5. However, the Council has now agreed to take responsibility for Miss B’s belongings until an offer of suitable accommodation has been made. It has paid £530 to clear arrears she had with the storage company.
  6. Under section 211 of the Housing Act, where a council has at least an interim duty to accommodate a person, it must also take reasonable steps to prevent the loss or damage of their belongings, if the person cannot do so his or herself. The Council has the power to charge the applicant for removal and/or storage costs if it assesses them as having the means to pay.
  7. The Council first placed Miss B in temporary accommodation in September 2016. By this point, she had already chosen to place her belongings in storage.
  8. In November 2016, Miss B’s advocate contacted the Council to request assistance with the storage of her belongings. He said that her storage costs were unaffordable.
  9. The Council the advocate on 20 December. It said that it was seeking a quote from a removal company, but the company had requested an inventory of Miss B’s belongings. The Council said it had spoken to Miss B on 19 December to obtain an inventory, and asked the advocate to chase Miss B for this. The advocate emailed Miss B almost immediately afterwards to ask her to provide an inventory.
  10. It does not appear that Miss B replied to this email.
  11. The Council made efforts to assist Miss B with her belongings, albeit a few weeks after her advocate had originally raised the issue. I do not consider it fault that the Council did not take this further, when Miss B failed to respond to its request for an inventory.
  12. In either case, the Council’s duty to take responsibility for Miss B’s belongings would only have applied if she could not do this herself. The fact that she was able pay for storage (as expensive as this might have been) indicates that the Council’s duty would not applied until the point where Miss B made it clear she was in arrears and that her belongings were going to be sold.
  13. I do not know exactly when Miss B’s arrears started, or when she first notified the Council. But as the Council has now cleared the arrears I do not consider there to be any issue to address here.
  14. Further to this, even if the Council had taken responsibility for her belongings earlier, this does not mean that Miss B would not have had to pay anything for their storage. The fact that she was able to pay for the storage for such a long period of time suggests strongly that the Council would have assessed her as being able to contribute a large proportion of the costs. For this reason, I cannot say that she has suffered any financial disadvantage here.


  1. There was significant fault in the Council’s handling of Miss B’s review, both in the length of time it took to complete, and the unnecessary enquiries made by the review officer. But the injustice to Miss B was limited.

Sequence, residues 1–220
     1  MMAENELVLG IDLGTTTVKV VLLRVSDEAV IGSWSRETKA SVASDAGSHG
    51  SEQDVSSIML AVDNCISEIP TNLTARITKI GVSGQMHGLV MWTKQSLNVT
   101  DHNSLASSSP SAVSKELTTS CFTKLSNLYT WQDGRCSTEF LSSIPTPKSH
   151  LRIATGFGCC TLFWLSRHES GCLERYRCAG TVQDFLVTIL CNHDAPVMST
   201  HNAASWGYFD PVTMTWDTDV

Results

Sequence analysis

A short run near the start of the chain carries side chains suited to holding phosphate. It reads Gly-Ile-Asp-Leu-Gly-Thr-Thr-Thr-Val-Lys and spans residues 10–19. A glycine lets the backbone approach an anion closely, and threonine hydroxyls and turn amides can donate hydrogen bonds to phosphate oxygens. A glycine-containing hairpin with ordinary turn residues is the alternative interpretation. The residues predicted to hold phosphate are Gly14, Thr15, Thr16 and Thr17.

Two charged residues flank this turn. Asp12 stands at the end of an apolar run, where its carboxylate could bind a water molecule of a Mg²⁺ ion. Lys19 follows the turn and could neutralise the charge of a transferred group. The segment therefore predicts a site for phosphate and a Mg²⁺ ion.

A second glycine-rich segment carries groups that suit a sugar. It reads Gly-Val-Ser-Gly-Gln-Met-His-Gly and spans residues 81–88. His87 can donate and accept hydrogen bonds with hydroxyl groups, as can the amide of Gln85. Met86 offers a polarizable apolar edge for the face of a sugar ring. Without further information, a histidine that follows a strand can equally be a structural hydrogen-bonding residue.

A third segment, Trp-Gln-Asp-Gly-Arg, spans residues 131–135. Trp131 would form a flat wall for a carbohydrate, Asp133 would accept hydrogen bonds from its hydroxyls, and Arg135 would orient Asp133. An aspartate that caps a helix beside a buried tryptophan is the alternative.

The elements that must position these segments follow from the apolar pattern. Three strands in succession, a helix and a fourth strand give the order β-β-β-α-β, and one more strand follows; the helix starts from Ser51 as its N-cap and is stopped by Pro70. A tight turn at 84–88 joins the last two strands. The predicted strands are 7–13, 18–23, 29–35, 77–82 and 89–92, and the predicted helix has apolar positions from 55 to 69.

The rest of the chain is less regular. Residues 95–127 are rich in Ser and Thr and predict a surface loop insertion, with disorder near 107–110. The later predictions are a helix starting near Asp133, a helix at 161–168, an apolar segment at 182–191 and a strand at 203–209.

2. There were some shortcomings in the way the Council’s messages to Miss B were worded, but these were not so serious as to make a finding of fault. I also note Council has apologised for this and taken steps to address it.
  3. I have found no evidence of fault by the Council in the delay in reaching the original decision, or in the fact that it did not take responsibility for Miss B’s belongings earlier.

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Agreed action

  1. The Council has agreed to pay Miss B £200 in recognition of the unnecessary uncertainty she had to endure because of the failure to the conduct a timely review.
  2. The Council has also provided the Ombudsman with written details of the steps it has taken to prevent a recurrence.

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Final decision

  1. There was significant fault in the delay to the review process, but this caused limited injustice to Miss B. There was no significant fault in the other aspects of Miss B’s complaint.

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Parts of the complaint that I did not investigate

  1. There is a right of appeal to court about a decision to find a person intentionally homeless. Although Miss B did not need to use this right, as the Council overturned its decision upon review, the Ombudsman would still not generally investigate a decision which can be appealed in court. For this reason, while I have investigated the delays in the Council’s decision, I have not investigated the decision itself.
  2. Miss B also raised the suitability of her current accommodation as a point of complaint. This issue also carries an appeal right, and so I have again not investigated it.

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Investigator's decision on behalf of the Ombudsman